The final category of desires, unnatural and unnecessary desires are describes by Epicurus, as the desire for money, power, celebrity. Such desires are best avoided entirely. This is because such desires, unlike our natural desires, have no natural limit. Thus, they will never satisfy us. When I am hungry and I eat, I cease to be hungry. I am satisfied. When it comes to such things as money, power and celebrity, the desire can never be satisfied because I can always desire to be richer, more powerful or more famous. It is, therefore, impossible to get enough. As such, attempting to satisfy such desires will lead to suffering and dissatisfaction. This phenomenon is present in our society. If you ask people how much money they need to be happy, most people will tell you they need a little bit more then whatever it is that they make. This is true no matter how much a person makes.
Epicurus lived a simple life. He had a simple diet, and a simple home. He appreciated the simple things of life, such as taking long walks in nature, discussing philosophy with his pupils, and when he was old and his body was seek he took pleasure in reminiscing about many of the happier moments of his life. By all accounts Epicurus died a happy man.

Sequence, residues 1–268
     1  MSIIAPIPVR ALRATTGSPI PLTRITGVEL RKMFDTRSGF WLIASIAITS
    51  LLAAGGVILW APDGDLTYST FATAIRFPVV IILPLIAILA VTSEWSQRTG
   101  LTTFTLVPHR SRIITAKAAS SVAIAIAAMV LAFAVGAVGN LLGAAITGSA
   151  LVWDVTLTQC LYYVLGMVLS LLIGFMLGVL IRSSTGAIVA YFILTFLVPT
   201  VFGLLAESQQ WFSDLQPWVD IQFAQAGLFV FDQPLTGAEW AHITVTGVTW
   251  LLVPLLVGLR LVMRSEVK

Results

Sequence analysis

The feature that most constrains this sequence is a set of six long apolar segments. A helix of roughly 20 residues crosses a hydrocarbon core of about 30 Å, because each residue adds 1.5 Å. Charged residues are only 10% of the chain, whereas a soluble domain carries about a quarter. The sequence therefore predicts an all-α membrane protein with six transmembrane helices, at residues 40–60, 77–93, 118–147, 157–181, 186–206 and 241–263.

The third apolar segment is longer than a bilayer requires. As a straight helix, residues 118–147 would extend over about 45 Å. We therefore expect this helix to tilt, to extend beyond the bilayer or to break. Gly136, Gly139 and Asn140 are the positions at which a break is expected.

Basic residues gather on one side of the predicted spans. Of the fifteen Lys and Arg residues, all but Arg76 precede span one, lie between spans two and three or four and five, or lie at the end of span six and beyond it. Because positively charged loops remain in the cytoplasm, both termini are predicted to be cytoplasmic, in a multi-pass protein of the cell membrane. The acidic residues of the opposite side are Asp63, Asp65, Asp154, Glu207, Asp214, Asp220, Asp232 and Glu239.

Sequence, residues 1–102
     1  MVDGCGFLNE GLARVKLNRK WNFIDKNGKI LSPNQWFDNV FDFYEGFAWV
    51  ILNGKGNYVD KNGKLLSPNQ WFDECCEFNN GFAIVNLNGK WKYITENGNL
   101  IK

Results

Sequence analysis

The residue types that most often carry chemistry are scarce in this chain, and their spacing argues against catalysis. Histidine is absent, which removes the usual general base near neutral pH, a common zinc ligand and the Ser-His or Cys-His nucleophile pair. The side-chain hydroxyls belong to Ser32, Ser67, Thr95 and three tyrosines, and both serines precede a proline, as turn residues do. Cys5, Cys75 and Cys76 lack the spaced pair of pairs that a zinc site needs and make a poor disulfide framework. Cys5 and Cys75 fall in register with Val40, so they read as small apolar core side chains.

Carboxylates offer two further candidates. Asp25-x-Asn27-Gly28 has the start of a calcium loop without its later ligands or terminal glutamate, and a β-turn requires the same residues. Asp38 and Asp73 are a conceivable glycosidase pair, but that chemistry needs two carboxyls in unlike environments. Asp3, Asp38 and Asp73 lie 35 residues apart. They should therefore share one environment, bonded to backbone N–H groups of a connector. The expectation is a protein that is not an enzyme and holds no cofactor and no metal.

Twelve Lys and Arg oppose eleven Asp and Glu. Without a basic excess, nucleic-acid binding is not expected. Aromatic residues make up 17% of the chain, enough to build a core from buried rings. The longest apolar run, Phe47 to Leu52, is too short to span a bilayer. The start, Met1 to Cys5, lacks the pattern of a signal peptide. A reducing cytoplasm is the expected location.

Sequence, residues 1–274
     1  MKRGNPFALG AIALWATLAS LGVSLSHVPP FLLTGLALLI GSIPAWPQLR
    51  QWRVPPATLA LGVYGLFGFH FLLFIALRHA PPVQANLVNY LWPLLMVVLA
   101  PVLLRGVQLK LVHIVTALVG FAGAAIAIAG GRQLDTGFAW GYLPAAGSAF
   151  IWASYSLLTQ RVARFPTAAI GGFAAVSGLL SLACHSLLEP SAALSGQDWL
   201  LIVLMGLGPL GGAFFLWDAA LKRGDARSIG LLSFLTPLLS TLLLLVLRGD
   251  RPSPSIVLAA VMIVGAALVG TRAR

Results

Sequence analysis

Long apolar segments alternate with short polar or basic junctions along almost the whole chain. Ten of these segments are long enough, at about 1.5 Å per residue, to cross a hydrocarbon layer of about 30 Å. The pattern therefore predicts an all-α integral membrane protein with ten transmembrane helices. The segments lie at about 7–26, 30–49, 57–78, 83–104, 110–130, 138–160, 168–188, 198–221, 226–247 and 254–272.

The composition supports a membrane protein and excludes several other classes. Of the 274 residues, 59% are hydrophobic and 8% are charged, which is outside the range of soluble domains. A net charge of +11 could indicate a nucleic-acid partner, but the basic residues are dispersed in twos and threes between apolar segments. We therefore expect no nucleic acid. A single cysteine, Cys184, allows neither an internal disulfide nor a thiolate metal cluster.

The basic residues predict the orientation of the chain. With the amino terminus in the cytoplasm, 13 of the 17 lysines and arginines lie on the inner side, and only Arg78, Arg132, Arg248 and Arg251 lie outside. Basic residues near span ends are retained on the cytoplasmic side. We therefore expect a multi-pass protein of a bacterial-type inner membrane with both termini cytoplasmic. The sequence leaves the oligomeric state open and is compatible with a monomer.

What can we learn from the philosophy of Epicurus? We can learn that happiness has little to do with how much we have, and a lot to do with appreciating the simple things in life that make us happy, whether it’s spending time in nature, with friends, playing an instrument, or a sport. What we must realize is that it is important to enjoy these activities for their own sake and not do it to be rich or famous. Living a simple life, with peace in your heart, will make you far happier than all the riches of this world. Appreciate what you have, be content with little, and help others do the same.